- Boston National Historical Park – The Boston National Historical Park is an association of sites that showcase Boston’s role in the American Revolution. It was designated a national park on October 1, 1974. Seven of the eight sites are connected by the Freedom Trail, a walking tour of downtown Boston.
- Boston Duck Tours – You’ve never toured Boston in anything that comes close to Boston Duck Tours. The fun begins as soon as you board your “DUCK”, a W.W. II style amphibious landing vehicle. First, you’ll be greeted by one of our legendary ConDUCKtors, who’ll be narrating your tour. Then you’re off on a journey like you’ve never had before.
- Arnold Arboretum – The Arnold Arboretum of Harvard University is the oldest public arboretum in North America and one of the world’s leading centers for the study of plants. It is a unique blend of respected research institution and beloved public landscape.
- Whale Watching Cruise from Boston Harbor – Boston Harbor Cruise’s Whale Watching cruise is both an unforgettable and educational experience. The guides, who are researchers from the Whale Center of New England, will teach you about everything from whale behavior and migration patterns to the local ecology. You’ll also be able to get amazing photographs of the area – and the whales!
- Franklin Park Zoo – Franklin Park Zoo is a 72-acre site nestled in Boston’s historic Franklin Park, long considered the “crown jewel” of Frederick Law Olmsted’s Emerald Necklace Park System. You’ll find hundreds of exhibits, and enjoy hours’ worth of fun.
It sounds as though there is no shortage of fun – and educational – things to do around Boston! There seems to literally be something for everyone!
Elan has lived in Boston all his life. He loves his city, and it shows in the email he sent to me recently. Elan listed all of his favorite must-see places that you don’t want to miss if you ever find yourself in Boston.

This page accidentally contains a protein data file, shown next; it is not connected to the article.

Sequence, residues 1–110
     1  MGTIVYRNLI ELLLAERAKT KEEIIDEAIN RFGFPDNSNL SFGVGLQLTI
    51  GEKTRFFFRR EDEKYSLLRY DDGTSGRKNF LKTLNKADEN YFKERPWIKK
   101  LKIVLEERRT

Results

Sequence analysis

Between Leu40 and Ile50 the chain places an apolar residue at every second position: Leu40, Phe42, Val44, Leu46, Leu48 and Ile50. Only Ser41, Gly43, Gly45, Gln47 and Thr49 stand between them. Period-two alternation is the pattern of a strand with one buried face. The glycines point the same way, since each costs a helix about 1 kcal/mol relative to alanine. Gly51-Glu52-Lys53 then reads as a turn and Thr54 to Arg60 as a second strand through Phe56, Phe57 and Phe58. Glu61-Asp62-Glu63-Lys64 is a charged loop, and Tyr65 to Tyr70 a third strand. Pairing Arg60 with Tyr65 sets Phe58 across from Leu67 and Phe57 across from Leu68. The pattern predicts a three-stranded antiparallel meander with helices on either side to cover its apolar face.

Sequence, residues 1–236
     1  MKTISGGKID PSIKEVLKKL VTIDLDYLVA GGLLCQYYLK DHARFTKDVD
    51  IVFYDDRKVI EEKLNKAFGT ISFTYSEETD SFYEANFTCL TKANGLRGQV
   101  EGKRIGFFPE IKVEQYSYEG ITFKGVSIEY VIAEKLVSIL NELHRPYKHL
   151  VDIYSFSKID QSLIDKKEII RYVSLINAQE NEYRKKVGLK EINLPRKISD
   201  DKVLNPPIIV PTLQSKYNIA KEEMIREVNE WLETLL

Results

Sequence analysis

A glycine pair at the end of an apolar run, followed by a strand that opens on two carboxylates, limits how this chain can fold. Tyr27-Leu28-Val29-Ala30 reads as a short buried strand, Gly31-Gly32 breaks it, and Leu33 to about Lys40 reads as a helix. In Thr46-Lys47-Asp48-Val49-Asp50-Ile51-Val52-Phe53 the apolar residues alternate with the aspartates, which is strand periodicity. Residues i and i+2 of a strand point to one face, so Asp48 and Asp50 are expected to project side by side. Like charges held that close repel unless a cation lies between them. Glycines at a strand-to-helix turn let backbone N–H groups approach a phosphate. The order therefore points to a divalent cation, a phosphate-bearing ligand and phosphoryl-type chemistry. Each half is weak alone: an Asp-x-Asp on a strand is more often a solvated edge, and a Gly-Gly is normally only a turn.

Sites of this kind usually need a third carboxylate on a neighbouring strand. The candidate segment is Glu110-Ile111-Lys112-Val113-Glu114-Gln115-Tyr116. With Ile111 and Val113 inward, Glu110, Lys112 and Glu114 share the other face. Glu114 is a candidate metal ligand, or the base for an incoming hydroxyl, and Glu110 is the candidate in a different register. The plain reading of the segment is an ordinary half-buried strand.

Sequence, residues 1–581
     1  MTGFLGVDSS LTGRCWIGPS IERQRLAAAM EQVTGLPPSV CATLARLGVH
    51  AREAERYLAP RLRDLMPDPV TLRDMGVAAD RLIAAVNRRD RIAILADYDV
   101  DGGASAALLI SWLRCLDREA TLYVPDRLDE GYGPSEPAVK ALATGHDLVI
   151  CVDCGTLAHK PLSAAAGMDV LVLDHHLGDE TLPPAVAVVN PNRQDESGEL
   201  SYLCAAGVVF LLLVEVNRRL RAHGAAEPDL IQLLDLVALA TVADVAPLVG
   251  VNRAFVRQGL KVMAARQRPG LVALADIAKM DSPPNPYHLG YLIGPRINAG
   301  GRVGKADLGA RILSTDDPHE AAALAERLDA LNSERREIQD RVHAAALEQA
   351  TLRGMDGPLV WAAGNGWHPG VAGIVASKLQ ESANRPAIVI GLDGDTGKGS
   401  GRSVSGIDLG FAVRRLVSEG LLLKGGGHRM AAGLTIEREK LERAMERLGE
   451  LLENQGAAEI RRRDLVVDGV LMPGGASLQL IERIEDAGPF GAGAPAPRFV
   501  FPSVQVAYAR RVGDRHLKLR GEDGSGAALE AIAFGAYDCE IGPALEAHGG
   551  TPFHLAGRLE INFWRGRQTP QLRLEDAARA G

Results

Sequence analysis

- MIT Museum – They have collections of old computers, exhibitions featuring robots, and much more.
- Fenway Park – Fenway Park is the home of the Boston Red Sox. The park itself offers tours on a regular basis. Game tickets are pricey, but well worth the cost to be there in person for a game.
- Freedom Trail – The Freedom Trail is a 2.5 mile red-brick walking trail that leads you to 16 nationally significant historic sites, every one an authentic American treasure. The Freedom Trail today is a unique collection of museums, churches, meeting houses, burying grounds, parks, a ship, and historic markers that tell the story of the American Revolution and beyond.
- New England Aquarium – They have all sorts of great shows, and exhibits. They also have an iMAX Theater. You can also go whale watching.
- Faneuil Hall Marketplace – This is the seat of American history and the site of one of America’s most famous shopping and dining experiences. For over 250 years, the marketplace has played an integral role in the life of Boston’s residents. So if you are ready to see, taste, and touch a true Boston experience, visit the historic and exciting Faneuil Hall Marketplace.
- Museum of Science – The museum has hundreds of unique and fun exhibits. They also feature an electric light show, which is awesome.
- Boston Apple Store – Even if you don’t own a single Apple product, this particular store is a must-see. The tall glass building is much like the one found in New York City, and there are a ton of Apple products on hand for you to try out and play with.